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Savannah Cecchini
December 7, 2022

Student researcher seeks to rehabilitate endangered milkweed plant essential to survival of monarch butterflies

Savannah Cecchini ’25 is the mind behind the conservation project on Berry’s campus to rehabilitate a native species of milkweed — Asclepias tuberosa — a critical food source and habitat for monarch butterfly larvae. With deforestation and herbicide use impeding the survival of the plant, monarch butterflies are in decline. This endangered species is vital to the overall ecosystem, as plants and animals depend on it for pollination — and has concerned Savannah since middle school. Her first conservation efforts involved growing milkweed plants from seeds in a personal garden.

Deciding on a college was easy for this biology major. “I chose Berry because of the opportunity to get to know and work with amazing professors and to be able to get hands-on work and research experiences starting the first semester,” she says.

Savannah was assigned a LifeWorks job on campus when she arrived as a freshman — working in the biology department’s teaching greenhouse. Plants grown there are used in student lab work and research, and Savannah began devising a plan to work with milkweed as soon as she could.

“I talked with Dr. Catherine Borer [associate professor of biology] regarding the project idea to grow and rehabilitate milkweed plants on campus, starting from seed in the greenhouse, and she was very supportive of the idea,” Savannah explains. “She has a lot of knowledge on plants and conservation biology and has helped me turn this idea into a reality.”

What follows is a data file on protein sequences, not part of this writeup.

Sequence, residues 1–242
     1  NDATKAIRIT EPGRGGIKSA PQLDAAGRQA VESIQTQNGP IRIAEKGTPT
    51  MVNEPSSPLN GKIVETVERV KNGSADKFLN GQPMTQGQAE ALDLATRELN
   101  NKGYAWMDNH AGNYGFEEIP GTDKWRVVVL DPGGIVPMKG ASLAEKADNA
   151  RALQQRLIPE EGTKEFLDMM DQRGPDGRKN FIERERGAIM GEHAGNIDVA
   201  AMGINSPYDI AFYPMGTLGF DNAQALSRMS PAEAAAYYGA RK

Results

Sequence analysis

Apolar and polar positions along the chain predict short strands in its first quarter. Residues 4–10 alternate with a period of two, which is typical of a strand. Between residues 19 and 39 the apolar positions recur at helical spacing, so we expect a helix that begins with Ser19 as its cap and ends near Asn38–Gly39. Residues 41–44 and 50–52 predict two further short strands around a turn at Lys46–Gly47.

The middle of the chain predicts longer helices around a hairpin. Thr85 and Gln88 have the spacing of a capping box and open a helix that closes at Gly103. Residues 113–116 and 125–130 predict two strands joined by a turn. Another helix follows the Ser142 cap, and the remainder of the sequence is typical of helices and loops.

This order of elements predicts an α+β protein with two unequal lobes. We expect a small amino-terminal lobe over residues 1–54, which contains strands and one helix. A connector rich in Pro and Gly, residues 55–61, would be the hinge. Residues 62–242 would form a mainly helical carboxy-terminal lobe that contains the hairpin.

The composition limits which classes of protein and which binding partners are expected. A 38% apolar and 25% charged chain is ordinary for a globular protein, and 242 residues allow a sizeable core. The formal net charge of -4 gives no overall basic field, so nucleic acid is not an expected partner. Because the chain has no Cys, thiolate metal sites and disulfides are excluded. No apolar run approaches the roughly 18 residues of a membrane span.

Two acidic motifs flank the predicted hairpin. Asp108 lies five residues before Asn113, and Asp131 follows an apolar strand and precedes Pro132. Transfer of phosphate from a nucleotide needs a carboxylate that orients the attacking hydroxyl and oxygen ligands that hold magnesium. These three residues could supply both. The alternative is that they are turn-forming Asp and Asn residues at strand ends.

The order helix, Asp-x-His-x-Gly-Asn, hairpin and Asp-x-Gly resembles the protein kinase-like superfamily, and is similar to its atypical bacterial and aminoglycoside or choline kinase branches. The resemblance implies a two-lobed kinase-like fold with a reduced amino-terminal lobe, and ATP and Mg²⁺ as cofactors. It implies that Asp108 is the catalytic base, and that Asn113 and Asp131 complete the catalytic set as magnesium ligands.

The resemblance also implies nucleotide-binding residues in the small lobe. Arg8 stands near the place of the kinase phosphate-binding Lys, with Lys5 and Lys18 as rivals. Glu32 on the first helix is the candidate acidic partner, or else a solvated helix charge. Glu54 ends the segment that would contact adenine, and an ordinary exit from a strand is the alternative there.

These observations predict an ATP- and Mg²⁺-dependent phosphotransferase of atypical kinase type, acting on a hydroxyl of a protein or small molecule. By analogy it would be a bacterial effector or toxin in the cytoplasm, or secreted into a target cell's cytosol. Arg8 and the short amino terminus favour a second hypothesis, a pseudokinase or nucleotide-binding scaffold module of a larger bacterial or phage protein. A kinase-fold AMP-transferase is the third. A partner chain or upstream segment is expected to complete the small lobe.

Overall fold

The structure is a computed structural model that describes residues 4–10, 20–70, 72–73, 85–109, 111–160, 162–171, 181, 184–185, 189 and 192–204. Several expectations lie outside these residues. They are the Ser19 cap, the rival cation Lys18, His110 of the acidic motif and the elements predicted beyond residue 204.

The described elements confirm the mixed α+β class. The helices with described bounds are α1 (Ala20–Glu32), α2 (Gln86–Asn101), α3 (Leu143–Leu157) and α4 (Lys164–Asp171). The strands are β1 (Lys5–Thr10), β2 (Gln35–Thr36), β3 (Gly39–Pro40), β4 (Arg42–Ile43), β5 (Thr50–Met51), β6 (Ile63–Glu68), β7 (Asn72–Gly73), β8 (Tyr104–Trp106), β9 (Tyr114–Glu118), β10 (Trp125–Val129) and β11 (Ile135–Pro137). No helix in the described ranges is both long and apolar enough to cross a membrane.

Guided by Borer, Savannah took Introduction to Scientific Research and refined her project, which focuses on 1) determining the percentage of viability and germination rates for Asclepias tuberosa seeds and 2) using this knowledge to allow for proper storage of seeds to preserve genetic diversity, for efficient rehabilitation of the plant on Berry’s campus and in surrounding areas, and for possible diagnosis of seed deterioration. Borer notes, “In this project, we are also collaborating with colleagues from the Georgia Plant Conservation Alliance, of which Berry is a member.”

Borer encouraged Savannah to apply for the Richards Science Scholarship, which enabled her to write a grant for her research. She also funded part of her education through the William A. Brookshire Foundation Scholarship (part of the Greater Houston Community Foundation that administers a variety of scholarships to college students). “I submitted several essays explaining my future goals and the research and work that I am doing,” Savannah says.

She anticipates attending medical or veterinary school, saying, “Whatever path I choose, I will continue to work on sustainability and conservation projects and strive to have a positive impact on the world around me.”


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